Whilst in regards to the Eurasians he comments:
Assuming the Eurasian return to be correct, Madras heads the list with 26,600 out of the total of 79,790. Bengal, which comes next, returns only 15,000. Bombay shows 8,500, amongst whom there are no doubt a good many Goanese or others with Portuguese patronymics. The NorthWest Provinces have always been remarkable for the number of their Eurasians, and Burma, which, in spite of, its small population has nearly the same number, owes its pre-eminence to its peculiar domestic institutions which foster the supply of children of mixed race. Haidrabad and Bangalore follow Madras in the frequency of the entries of this class. It would be interesting to compare the returns of the two last enumerations, so as to see if this community is numerically on the rise or not, but owing partly to defects in the schedules filled up, partly to the number in 1881 not filled up at all as regards race, the census operations give little help in this direction, and the matter can only be satisfactorily dealt with through special investigation. Since the community is mostly, congregated in the chief towns such an inquiry is not difficult, and can be made to include within its scope valuable details, such as the number of children per family, the age of parents at the time of marriage, and so on, which are impossible at a census. (Baines 1891: 178)
Regarding the subdivision of the Christians the 1891 census is very detailed, almost obsessive I might say, in the detail given.
TotalDistribution by Race. Denomination.Number.EuropeanEurasian.Indian. A. - Church of England, with Churches of India, Ireland, America, Anglican, and Episcopalian churches. 340,613103,14529,922 201,546B.- Church of Scotland, Presbyterian, United Presbyterian, Reformed Presbyterian, American or Irish Presbyterians, Irish Presbyterian Mission. 46,35110,5812,440 33,329C. -Baptist202,7462,907 2,352197,487D.- Wesleyan, Wesleyan Methodist, Methodist, Primitive Methodist, Episcopalian Methodist, Bible Christian. 32,1235,3622,349 24,412E.- Congregationalist, London Mission, Independent, Calvinist, Welsh Calvinist. 48,0361,285742 46,009F. - Nonconformist, Dissenter, Puritan557230180147G. - Plymouth Brethren, Open Brethren, Swedenborgian, New Jerusalem, Catholic Apostolic, Quaker, Friend, Salvationist, Anabaptist. 1,44517838 1,229H.-Lutheran, German Mission, Swedish Church, Reformed Dutch, Zwinglian, Moravian, German Church, Evangelical, Evangelist Church, Evangelical Union, Reformed Church. 69,4051,285195 67,925J.- Protestant14,2133,9384,0526,223 Total, Reformed Church755489 128,91242,270 584,307K. - Church of Rome1,315,263 35,64536,0891,243,529 L. - Syrian Church (Jacobite Section)200,467 153200,449 M. - Greek, Abyssinian, and Armenian1,258 726275257 Total, Older Churches1,5 16,998 36,38636,367 1,444,235Unsectarian and Unreturned11,903 2,1021,1538,048 Grand Total2,284,380 168,00079,790 2,036,690(Baines 1891: 179)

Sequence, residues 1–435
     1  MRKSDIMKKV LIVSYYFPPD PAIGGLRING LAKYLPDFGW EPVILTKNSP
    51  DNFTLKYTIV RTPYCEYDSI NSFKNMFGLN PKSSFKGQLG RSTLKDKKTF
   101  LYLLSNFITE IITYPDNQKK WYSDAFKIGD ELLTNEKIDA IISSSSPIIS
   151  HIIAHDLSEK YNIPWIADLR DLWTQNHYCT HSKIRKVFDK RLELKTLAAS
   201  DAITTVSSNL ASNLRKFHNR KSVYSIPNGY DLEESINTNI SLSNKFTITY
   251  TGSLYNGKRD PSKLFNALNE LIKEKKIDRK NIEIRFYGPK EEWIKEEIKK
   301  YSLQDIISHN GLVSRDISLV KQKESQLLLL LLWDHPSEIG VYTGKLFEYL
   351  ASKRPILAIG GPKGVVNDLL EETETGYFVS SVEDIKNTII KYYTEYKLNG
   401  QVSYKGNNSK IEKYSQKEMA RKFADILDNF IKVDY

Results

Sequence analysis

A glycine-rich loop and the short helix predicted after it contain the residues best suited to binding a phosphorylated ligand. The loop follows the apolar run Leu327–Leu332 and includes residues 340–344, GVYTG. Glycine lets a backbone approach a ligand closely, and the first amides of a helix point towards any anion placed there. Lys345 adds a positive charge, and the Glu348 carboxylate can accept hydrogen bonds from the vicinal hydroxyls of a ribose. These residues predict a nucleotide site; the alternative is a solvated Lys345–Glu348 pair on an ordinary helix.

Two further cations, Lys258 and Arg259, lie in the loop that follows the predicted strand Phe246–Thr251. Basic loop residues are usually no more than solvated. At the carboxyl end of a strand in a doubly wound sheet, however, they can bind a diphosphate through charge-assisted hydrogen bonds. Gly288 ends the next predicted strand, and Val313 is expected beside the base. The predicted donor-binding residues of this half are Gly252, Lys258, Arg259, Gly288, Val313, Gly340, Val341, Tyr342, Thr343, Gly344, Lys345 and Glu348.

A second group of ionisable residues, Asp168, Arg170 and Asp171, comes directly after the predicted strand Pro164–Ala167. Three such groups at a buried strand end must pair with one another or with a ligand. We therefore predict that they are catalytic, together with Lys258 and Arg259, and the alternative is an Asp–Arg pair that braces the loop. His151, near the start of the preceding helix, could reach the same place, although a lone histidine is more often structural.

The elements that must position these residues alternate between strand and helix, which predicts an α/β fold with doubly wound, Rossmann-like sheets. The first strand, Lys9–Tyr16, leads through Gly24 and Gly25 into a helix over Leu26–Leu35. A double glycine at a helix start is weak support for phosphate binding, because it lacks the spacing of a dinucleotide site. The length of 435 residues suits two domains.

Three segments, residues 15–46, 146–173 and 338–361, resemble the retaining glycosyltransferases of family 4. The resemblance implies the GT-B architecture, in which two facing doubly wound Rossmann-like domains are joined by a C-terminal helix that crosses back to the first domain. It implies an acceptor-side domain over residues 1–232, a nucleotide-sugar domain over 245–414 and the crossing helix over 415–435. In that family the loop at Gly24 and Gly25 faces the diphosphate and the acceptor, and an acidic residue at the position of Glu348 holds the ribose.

In regard then to the census during the period from 1871 to 1921 I would argue that it shows a consistent concern with categorising people on the basis of religion and race. Indeed as late as the 1921 census there is a "Table VI Religion" which included the following categories:
Indo-Aryan:- Hindu (Brahmanic), Kabir Panthi, Satnami, Hindu (Arya), Hindu (Brahmo), Sikh, Jain, Digambar, Swetambar, Swetambar Terapanthi, Sthanakbasi, Jain (Unspecified), Buddhist, Zoraastrian (Parsi),
Semetic- Musulman, Sunni, Shia, Christian, Jew
Others- Indefinite Beliefs only (Natarajan 1972: 130-132.)
The 1931 Census marked a major change to collection of economic data and the collection of detailed data on religion was given up and Table XVI became simply a listing of broad categories.
Hindu - Brahmin, Arya, Brahmo, Hindu others, Sikhs, Jains, Buddhists, Zorastrians, Muslims, Christians, Jews, Tribal Religions, Minor Religions and Religion not returned.(Natarajan 1972:184)
Later census data also follows this pattern but it is notable that the release of data on religion tends to come out late in the cycle of results of census surveys and is not given prominence in contemporary Indian Census data.
However, a word of caution is necessary. The processes by which the categories were created and the errors in their compilation are, I suggest, as revealing as the eventual data. An example of this in the 1921 Madras Census was noted by J. Chartres Molony, the Provincial Superindentent of Census for the Madras Presidency in 1911.
Clever as the Madras clerks were, they could at times make quaint mistakes. I noted in the table of " religion " a large number of "Armenians" living together in the Kistna Delta. In Madras City there is an Armenian Cathedral, and here and there throughout the Presidency one may meet a rare Armenian; but a colony of Armenian farmers seemed to me incredible. I had the slips which gave the information traced out, and I found out that "Armenian" was a clerk's rendering of the faith of the Salvation Army. Here the clerk was at fault; but the perplexity of an Indian clerk on being called upon to assign " Truthists " to their proper place in the scheme of Christian sects is understandable and excusable. Roman Catholic Missions have always interfered less with caste than have the Protestant, and many Indian Roman Catholics mixed up difference of Christian sect with difference of Hindu caste.